Office of the Press Secretary

For Immediate Release January 20, 2000



 As we stand at the dawn of a new century, we recognize the enormous
potential that biotechnology holds for improving the quality of life here
in the United States and around the world.  These technologies, which draw
on our understanding of the life sciences to develop products and solve
problems, are progressing at an exponential rate and promise to make
unprecedented contributions to public health and safety, a cleaner
environment, and economic prosperity.

     Today, a third of all new medicines in development are based on
biotechnology.  Designed to attack the underlying cause of an illness, not
just its symptoms, these medicines have tremendous potential to provide not
only more effective treatments, but also cures.  With improved
under-standing of cellular and genetic processes, scientists have opened
exciting new avenues of research into treatments for devastating diseases
-- like Parkinson's and Alzheimer's, diabetes, heart disease, AIDS, and
cancer -- that affect millions of Americans.  Biotechnology has also given
us several new vaccines, including one for rotavirus, now being tested
clinically, that could eradicate an illness responsible for the deaths of
more than 800,000 infants and children each year.

     The impact of biotechnology is far-reaching.  Bioreme-diation
technologies are cleaning our environment by removing toxic substances from
contaminated soils and ground water.  Agricultural biotechnology reduces
our dependence on pesticides.  Manufacturing processes based on
biotechnology make it possible to produce paper and chemicals with less
energy, less pollution, and less waste.  Forensic technologies based on our
growing knowledge of DNA help us exonerate the innocent and bring criminals
to justice.

     The biotechnology industry is also improving lives through its
substantial economic impact.  Biotechnology has stimulated the creation and
growth of small businesses, generated new jobs, and encouraged agricultural
and industrial innovation.  The industry currently employs more than
150,000 people and invests nearly $10 billion a year on research and

     Recognizing the extraordinary promise and benefits of this enterprise,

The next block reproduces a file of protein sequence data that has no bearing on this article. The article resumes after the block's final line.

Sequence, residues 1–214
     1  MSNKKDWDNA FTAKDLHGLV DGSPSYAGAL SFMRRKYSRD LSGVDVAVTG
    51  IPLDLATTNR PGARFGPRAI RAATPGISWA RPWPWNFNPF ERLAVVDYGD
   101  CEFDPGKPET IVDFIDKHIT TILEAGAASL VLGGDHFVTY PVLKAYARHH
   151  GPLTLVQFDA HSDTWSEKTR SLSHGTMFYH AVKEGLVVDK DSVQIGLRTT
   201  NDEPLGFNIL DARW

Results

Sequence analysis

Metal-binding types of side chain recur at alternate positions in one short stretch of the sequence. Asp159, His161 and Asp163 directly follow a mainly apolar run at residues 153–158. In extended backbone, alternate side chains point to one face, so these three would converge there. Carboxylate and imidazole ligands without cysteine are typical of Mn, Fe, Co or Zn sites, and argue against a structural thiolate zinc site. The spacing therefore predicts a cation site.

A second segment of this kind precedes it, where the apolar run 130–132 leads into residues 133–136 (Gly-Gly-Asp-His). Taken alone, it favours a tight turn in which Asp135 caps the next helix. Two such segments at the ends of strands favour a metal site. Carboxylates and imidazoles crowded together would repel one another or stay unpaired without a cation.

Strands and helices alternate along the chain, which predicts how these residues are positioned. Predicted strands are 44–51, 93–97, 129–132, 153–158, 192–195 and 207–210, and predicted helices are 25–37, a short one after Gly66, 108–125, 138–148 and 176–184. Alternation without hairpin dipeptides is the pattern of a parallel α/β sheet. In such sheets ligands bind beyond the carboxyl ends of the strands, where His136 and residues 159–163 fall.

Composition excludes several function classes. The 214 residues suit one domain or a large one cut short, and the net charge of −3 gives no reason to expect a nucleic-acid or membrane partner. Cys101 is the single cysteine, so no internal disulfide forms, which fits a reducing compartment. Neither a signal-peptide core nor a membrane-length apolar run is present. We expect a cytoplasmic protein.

my Administration has pursued policies to foster biotechnology innovations
as expeditiously and prudently as possible.  We have supported steady
increases in funding for basic scientific research at the National
Institutes of Health and other science agencies; accelerated the process
for approving new medicines to make them available as quickly and safely as
possible; encouraged private-sector research investment and small business
development through tax incentives and the Small Business Innovation
Research program; promoted intellectual property protection and open
international markets for biotechnology inventions and products; and
developed public databases that enable scientists to coordinate their
efforts in an enterprise that has become one of the world's finest examples
of partnership among university-based researchers, government, and private

     Remarkable as its achievements have been, the biotechnology enterprise
is still in its infancy.  We will reap even greater benefits as long as we
sustain the intellectual partnership and public confidence that have moved
biotechnology forward thus far.  We must strengthen our efforts to improve
science education for all Americans and preserve and promote the freedom of
scientific inquiry.  We must protect patients from the misuse or abuse of
sensitive medical information and provide Federal regulatory agencies with
sufficient resources to maintain sound, science-based review and regulation
of biotechnology products.  And we must strive to ensure that science-based
regulatory programs worldwide promote public safety, earn public
confidence, and guarantee fair and open international markets.

     NOW, THEREFORE, I, WILLIAM J. CLINTON, President of the United States
of America, by virtue of the authority vested in me by the Constitution and
laws of the United States, do hereby proclaim January 2000 as National
Biotechnology Month.  I call upon the people of the United States to
observe this month with appropriate programs, ceremonies, and activities.

     IN WITNESS WHEREOF, I have hereunto set my hand this
nineteenth day of January, in the year of our Lord two thousand, and of the
Independence of the United States of America the two hundred and

                                   WILLIAM J. CLINTON

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